Animbiigoo Zaagi’igan Anishinaabek Chief Theresa Nelson is passing on her family’s trapping traditions, including her own 34 years of trapping knowledge, to her daughter.
“I really feel it is important that my daughter knows where she came from,” Nelson said during the Nov. 5-7 Robinson Superior Regional Economic Development Summit. “It makes me very grounded to take part in something that special and I hope she carries that on as well.”
Nelson first learned about trapping when her parents took her out on the trapline at age six.
“My parents took me out every year for five weeks to do some spring trapping and fall trapping,” Nelson said at the Nov. 6 First Nation Fisheries and Hunting/Trapping session.
“They had to go through the school board to argue the point of what kind of teachings I would get. My father said the traditional teachings — she will be getting a lot about life, our culture, our history — and they permitted me all the way up to Grade 6 to go trapping every year.”
Nelson caught four muskrats during her first year on the trapline.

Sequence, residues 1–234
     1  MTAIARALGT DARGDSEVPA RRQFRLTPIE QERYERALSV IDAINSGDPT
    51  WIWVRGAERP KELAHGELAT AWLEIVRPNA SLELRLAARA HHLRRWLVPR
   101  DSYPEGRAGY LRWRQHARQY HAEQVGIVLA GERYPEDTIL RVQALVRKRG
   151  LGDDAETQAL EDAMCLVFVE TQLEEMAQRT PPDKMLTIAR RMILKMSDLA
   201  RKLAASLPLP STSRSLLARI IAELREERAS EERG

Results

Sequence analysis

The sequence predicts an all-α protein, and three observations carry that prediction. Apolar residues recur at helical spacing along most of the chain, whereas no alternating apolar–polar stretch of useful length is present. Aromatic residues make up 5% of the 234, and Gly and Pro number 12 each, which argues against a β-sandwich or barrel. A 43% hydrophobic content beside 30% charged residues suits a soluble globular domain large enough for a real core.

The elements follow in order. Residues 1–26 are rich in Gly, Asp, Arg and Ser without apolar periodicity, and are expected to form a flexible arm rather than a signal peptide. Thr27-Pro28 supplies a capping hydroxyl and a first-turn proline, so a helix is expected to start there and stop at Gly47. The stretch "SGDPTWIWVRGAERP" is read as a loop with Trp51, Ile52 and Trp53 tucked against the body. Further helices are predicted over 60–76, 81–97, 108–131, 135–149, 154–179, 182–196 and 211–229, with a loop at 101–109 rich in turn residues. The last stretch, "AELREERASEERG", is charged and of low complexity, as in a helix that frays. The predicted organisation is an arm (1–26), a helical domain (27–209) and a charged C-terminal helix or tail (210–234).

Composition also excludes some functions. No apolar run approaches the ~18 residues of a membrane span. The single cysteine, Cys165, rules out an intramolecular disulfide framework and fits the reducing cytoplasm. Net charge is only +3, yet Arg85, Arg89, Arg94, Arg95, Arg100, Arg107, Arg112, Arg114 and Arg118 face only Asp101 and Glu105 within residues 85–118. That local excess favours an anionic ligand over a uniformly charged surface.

“That was about $20 back then,” Nelson said.
And her parents taught her how to skin and stretch furs when she was older, which provided her with an income during high school.
“It made me a lot of money,” Nelson said. “I bought my own clothes, I bought my own vehicles.”
Nelson said trapping was a good fit for her because she enjoyed the solitude of the trapline.
“It’s something I look forward to every year,” Nelson said. “Those were the best memories I have of my childhood. It just brings all those back and I get to share them with my daughter, which is really special.”
Nelson said her community still has “a lot of” trappers, hunters and people who live on the land.
“They feel the same way that I do — very passionate, very proud of their land — and it’s ours,” Nelson said. “When we see people that don’t belong up there, it bothers you. Even though it’s crown land, it is still ours and we’ve always felt that way.”
Nelson usually begins trapping beaver in early October.
“We utilize the whole animal,” Nelson said, noting she uses beaver meat for her marten traps and the rest of the beaver for her wolf snares. “I only have a small quota of 10 (beavers), so we make sure we get our 10 before the marten season opens on (Oct. 25). Then we go hard on the marten and the wolf.”
Nelson was pleasantly surprised with her trapping income last spring after years of low fur prices and high costs.
“We got about $159 for an average for the marten,” Nelson said. “For the past few years we haven’t been trapping for the money. So it was nice to actually make money.”
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